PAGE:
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You should go ahead and appeal - what do you have to lose? Chances are fair that you'll get a reduced fee, but you'll still have to part with something.

Remember: there are no mistakes in life, only lessons. Some lessons cost a lot more than others*. Lessons will be repeated until you learn them.

Take away message - be early next time you have a must-turn-in assignment.


*Trust me, this one was cheap!
 
  • #11
leroyjenkens
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You should go ahead and appeal - what do you have to lose? Chances are fair that you'll get a reduced fee, but you'll still have to part with something.

Remember: there are no mistakes in life, only lessons. Some lessons cost a lot more than others*. Lessons will be repeated until you learn them.

Take away message - be early next time you have a must-turn-in assignment.


*Trust me, this one was cheap!

I'm going to appeal, and the fine better be reduced to zero. I can afford to pay the fine, but paying is not an option for me based on principle. I'll get a lawyer if I have to.

People will take every penny from you if they can. Some people let them do it just to avoid conflict. But I won't do it. I'm right and they're wrong. They have no defense on this matter.

What lesson could I possibly learn from this? Get there earlier? I get there as early as I can. I get off work, stop by my apartment on the way there and get my stuff and go. I guess maybe the lesson is to not choose classes at that time? Well hindsight is 20/20. And sometimes the only times for those classes I need WILL be that time, so I have no choice.

I do appreciate your response though, I'm just really passionate about not letting people walk over me, and that's exactly what someone is trying to do to me now.
 
  • #12
Pythagorean
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I would love to do that, but it would take 45 minutes according to Google maps, and I'd have to take the highway, which I don't think I'm allowed to do on a bike.

That's about perfect for cardio! :]

Is there anyway you could take a bike to nearby destination, park there, and ride in?
 
  • #13
Travis_King
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What would paying a lawyer do? Don't be ridiculous.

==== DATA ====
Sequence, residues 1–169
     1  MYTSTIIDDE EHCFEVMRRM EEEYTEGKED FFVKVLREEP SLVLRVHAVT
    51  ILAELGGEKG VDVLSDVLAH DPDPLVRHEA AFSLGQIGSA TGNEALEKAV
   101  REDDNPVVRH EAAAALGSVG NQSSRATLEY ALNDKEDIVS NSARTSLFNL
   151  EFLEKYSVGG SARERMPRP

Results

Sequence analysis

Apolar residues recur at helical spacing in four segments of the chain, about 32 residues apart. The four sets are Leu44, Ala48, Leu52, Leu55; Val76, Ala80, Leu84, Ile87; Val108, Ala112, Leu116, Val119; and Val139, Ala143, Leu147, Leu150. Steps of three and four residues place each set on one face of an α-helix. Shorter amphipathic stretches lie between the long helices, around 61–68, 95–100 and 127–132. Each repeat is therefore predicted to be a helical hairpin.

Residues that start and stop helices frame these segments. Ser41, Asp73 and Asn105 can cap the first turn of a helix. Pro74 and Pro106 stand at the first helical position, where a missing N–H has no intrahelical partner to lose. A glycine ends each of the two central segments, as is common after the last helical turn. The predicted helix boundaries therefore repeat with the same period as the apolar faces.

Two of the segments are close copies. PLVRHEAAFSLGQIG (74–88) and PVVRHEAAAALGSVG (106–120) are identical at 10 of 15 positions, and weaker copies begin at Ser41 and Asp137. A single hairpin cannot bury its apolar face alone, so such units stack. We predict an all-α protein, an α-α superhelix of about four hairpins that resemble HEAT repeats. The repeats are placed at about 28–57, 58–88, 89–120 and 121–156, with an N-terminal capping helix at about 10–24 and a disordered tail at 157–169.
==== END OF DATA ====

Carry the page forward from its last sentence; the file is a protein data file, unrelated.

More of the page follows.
I'd appeal though.
 
  • #14
AlephZero
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Lessons will be repeated until you learn them.
Until either you learn them, or you die - whichever occurs first :smile:
 
  • #15
Q_Goest
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Reminds me of a parking citation I got just before I started as a freshman. I was in the USAF for 4 years and had come to the college to schedule classes and stuff. I accidentally parked in the wrong lot (I didn't have a parking permit) and got a ticket. I talked to some administrator about it and explained I had traveled 500 miles from my base to get there to schedule the classes and didn't realize the parking situation, had to take leave, blah blah blah... The sob story worked and they tore up the ticket on the spot. So I'd suggest you fight it and give them a sob story, basically what you already said about driving around for 20 minutes, the automatic zero on the homework, parked next to another car in the grass, etc... But don't get pissy, that'll work against you. Play the part of the beleaguered student.
 
  • #16
Pengwuino
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Oh man, $30 for a citation and $55 for parking permits? They must be rich. My current university sells annual parking permits around $700. My old university was around $160 but the fines were always at least $50.

What you could do is tell your professor what happened, have him sign something saying it would hurt you academically to have not done what you did and bring that in with your appeal. Doesn't your ticket or parking department have information about appeals? Our tickets do and the parking department website does have info as well. Maybe it will help but I don't know.

Also, you should get a lawyer. The lesson you will quickly learn is that not all fights are worth fighting and life consists of getting screwed over every so often. If it makes you feel any better, remember that you probably screwed over someone, maybe intentionally or not, in your life and that's just kind of how the world works. People get screwed, such is life. If you want to do something about it, get more people involved in your cause. Get petitions for new parking structures. Have a rally. Then they may build more parking! Of course, they're just going to tack on the fees for any new parking onto your increased parking permit fee :)